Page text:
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Hello, my name is Steve M Nash and I’ve created this website to pose a simple question: how do you and I make the world a better place? Seriously. (Your world, my world, our world.) I’ve got some ideas, got some inspirational quotes and provocative questions queued up, but I’d love to know your thoughts, too.
As for “being the change”, it was Mohandas K. Gandhi that apparently said: “You must be the change you want to see in the world.”
For me, Gandhi’s words provide a great place to start for all of us. And so much better than the default pose of pointing the accusatory finger outwards.
“Let everyone sweep in front of [their] own door, and the whole world will be clean.”Johann Wolfgang von Goethe
Still, we also need to understand what needs to be changed (don’t we?)…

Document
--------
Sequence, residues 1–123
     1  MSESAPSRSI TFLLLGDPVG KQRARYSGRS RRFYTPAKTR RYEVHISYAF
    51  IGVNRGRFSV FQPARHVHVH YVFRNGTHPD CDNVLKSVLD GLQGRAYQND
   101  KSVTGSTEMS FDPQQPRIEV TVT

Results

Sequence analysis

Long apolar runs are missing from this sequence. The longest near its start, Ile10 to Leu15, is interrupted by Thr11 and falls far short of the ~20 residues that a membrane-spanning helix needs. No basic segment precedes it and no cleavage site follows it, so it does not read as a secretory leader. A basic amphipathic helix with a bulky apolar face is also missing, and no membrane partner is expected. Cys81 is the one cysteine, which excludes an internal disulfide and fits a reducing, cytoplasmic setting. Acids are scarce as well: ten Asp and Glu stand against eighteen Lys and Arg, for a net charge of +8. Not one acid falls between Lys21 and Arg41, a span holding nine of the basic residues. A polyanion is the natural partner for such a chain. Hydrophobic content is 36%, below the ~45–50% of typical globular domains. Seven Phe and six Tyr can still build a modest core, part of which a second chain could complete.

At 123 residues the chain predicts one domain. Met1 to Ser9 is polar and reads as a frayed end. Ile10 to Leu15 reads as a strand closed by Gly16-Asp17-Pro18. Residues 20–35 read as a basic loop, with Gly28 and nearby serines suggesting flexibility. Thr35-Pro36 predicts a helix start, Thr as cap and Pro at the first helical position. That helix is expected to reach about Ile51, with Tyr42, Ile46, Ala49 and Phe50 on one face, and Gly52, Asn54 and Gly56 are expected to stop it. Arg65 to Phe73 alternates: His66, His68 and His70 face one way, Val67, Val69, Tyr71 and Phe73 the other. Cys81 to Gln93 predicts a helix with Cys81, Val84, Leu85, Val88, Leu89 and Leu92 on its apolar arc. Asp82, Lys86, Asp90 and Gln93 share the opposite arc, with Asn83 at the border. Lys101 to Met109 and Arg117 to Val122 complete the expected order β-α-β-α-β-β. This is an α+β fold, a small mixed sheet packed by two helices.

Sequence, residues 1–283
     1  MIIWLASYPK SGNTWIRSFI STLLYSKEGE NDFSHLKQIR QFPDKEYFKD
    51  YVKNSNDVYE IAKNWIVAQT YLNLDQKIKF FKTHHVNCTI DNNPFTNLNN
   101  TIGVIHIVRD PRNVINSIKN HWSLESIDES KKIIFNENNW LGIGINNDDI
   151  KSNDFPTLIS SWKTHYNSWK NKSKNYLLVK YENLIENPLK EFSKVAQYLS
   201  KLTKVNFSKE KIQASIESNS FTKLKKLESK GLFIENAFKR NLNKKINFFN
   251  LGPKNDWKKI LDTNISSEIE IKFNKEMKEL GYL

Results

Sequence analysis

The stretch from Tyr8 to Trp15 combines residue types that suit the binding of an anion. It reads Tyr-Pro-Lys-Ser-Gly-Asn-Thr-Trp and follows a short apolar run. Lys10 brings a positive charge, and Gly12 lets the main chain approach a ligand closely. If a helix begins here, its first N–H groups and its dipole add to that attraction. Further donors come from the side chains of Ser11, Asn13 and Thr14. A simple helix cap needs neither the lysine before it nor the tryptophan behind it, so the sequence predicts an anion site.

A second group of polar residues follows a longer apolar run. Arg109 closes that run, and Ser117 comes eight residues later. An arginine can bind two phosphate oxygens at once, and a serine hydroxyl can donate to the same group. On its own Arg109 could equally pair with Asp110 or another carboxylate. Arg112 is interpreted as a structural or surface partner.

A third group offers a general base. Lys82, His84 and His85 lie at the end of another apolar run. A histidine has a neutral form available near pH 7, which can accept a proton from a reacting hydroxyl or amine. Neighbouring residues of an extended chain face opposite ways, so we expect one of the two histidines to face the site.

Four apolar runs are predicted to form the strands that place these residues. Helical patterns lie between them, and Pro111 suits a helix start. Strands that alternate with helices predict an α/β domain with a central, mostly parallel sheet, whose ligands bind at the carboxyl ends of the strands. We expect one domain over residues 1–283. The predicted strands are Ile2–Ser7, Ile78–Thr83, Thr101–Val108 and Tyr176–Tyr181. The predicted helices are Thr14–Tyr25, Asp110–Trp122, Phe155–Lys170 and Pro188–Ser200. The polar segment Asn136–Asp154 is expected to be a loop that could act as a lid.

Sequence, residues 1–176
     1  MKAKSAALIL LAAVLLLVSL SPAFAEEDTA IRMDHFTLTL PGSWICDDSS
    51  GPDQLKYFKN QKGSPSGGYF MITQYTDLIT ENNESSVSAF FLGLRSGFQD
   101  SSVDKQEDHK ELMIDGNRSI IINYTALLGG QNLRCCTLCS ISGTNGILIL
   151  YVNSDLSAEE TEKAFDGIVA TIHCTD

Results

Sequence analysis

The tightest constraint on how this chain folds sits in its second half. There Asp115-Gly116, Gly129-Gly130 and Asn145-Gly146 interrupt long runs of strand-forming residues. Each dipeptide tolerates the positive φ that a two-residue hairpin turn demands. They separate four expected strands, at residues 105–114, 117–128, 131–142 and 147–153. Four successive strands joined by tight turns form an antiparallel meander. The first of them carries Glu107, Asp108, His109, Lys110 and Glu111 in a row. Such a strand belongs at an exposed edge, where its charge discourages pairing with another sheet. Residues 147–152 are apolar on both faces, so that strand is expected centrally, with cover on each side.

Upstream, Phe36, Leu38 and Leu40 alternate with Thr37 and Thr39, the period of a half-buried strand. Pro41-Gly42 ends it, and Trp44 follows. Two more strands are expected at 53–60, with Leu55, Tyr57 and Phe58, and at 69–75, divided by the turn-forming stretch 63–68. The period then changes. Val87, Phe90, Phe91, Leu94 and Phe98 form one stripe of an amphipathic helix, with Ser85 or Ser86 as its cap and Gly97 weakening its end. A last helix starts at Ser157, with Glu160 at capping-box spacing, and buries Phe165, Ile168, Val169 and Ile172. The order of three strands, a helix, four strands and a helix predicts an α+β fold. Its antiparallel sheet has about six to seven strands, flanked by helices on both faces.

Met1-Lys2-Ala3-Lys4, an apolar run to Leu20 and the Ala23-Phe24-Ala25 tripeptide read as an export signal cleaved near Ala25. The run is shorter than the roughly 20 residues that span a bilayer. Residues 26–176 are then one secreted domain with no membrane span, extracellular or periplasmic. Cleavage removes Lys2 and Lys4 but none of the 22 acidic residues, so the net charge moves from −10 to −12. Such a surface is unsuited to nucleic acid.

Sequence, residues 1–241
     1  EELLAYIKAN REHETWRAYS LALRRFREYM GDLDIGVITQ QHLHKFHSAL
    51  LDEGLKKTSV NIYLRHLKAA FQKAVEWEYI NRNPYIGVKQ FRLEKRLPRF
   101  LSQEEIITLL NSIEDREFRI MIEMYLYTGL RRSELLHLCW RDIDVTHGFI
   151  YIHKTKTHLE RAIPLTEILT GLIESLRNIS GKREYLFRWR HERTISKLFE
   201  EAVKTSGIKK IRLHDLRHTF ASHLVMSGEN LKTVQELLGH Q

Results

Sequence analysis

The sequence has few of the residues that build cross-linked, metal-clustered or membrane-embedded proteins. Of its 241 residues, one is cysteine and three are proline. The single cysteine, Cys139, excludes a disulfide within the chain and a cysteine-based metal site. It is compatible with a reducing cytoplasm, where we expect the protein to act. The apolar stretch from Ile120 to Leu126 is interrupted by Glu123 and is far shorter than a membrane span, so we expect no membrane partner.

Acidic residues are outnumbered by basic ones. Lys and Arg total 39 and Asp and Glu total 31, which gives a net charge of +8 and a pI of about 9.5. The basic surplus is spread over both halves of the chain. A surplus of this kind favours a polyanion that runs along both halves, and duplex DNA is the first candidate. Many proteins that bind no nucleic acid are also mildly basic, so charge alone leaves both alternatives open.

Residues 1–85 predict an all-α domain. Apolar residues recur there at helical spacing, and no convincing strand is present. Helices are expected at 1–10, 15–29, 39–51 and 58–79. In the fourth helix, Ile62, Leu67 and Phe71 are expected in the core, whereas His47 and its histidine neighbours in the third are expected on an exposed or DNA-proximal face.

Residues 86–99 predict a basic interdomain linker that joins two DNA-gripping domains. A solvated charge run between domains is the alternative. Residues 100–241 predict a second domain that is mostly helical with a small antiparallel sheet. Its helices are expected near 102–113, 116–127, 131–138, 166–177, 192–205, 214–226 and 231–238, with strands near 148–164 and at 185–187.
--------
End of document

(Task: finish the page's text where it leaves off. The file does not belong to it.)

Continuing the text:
Understanding matters. For happiness, wellbeing and peace of mind, it matters.
But which understanding to turn to? Science-based, or religous-based? Or how about the right spiritual understanding?
Is it NLP or CBT or self-hypnosis, then? Or do we just need to read “the right book”? Or can non-duality be our one true guide?
AND… once you understand, you finally “get it”, what next?
How does understanding make a difference? (How is it part of the problem?)
Causes and movements matter. They aim to make the world a more equitable (and safe) place for all.
Like Black Lives Matter, like #MeToo and like human rights, animal rights, and equal rights.
Like climate change and ecological collapse.
But how to raise awareness? And do the ends always justify the means? Is demonizing and ignoring okay, or is it always better to listen and to find consensus?
Are all causes created equally? (Or does climate change render all somewhat irrelevant?)
What you pay attention to matters. Attention to others; attention to self; attention to NOW.
Without paying attention to what you’re paying attention to, then how on earth would you know what the right thing to do is, and how best to do it?
Does outrage help, or hinder?
Or is Mindfulness the answer? Or yoga? Or maybe it’s listening to the likes of Daniel Schmachtenberger and Tristan Harris?
How much attention do you pay to the stories you tell? (And what about your awarenss of the stories ‘they’ tell?)